ʿAbd al-Fattah al-Sisi’s “Rehabilitation of Anwar al-Sadat”

Source: The Moshe Dayan Center for Middle Eastern and African Studies

Author(s): Mira Tzoreff

Original Link: https://dayan.org/content/abd-al-fattah-al-sisis-rehabilitation-anwar-al-sadat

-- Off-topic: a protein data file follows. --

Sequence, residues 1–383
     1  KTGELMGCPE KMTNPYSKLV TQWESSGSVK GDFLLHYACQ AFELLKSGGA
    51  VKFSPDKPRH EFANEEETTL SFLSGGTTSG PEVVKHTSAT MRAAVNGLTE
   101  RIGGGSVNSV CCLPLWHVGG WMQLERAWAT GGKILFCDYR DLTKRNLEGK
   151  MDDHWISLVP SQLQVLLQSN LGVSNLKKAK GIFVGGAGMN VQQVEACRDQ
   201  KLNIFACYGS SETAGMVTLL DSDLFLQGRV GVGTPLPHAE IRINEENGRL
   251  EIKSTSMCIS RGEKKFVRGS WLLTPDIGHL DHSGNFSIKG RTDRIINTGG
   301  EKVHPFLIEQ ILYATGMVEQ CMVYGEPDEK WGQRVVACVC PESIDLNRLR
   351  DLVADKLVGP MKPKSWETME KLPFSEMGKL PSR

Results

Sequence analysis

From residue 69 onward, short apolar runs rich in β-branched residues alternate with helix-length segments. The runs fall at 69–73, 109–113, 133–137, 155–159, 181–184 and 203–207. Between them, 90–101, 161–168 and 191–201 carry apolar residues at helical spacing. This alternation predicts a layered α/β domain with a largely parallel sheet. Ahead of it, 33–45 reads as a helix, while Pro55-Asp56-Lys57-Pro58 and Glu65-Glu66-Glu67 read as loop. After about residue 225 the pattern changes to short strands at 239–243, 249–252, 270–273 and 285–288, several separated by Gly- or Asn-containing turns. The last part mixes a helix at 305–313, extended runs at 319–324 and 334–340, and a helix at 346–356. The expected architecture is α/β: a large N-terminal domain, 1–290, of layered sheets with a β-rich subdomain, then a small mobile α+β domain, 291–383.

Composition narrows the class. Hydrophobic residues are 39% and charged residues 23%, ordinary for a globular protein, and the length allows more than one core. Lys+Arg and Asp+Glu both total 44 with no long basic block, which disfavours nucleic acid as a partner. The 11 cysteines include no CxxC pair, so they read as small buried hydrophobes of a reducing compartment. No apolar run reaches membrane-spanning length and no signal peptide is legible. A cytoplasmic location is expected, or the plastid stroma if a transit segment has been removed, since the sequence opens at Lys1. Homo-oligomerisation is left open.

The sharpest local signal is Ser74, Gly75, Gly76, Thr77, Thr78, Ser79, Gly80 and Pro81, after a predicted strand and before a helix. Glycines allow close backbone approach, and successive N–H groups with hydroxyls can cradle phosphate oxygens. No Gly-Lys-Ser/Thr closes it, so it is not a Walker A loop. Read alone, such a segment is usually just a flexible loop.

In his 1882 lecture titled “What is a nation?,” the French philosopher Ernest Renan claimed that “the essence of a nation is that all of its members have a great deal in common and also that that they have forgotten many things.”[1] Rulers that seek to forge a collective memory for their nations select the historical events to be remembered (or alternatively to be forgotten or pushed aside to the margins of history); shape them into a coherent narrative, which then become the bases of national myths and a common ethos that will be propagated in museums and public spaces and commemorated annually. As the agenda of a regime changes, likewise there is a concomitant change in the structure of the regime’s narrative of the past. The rehabilitation of the leadership and legacy of President Anwar al-Sadat, which began during the second term of ʿAbd al-Fattah al-Sisi’s presidency, is a tangible example of this phenomenon.

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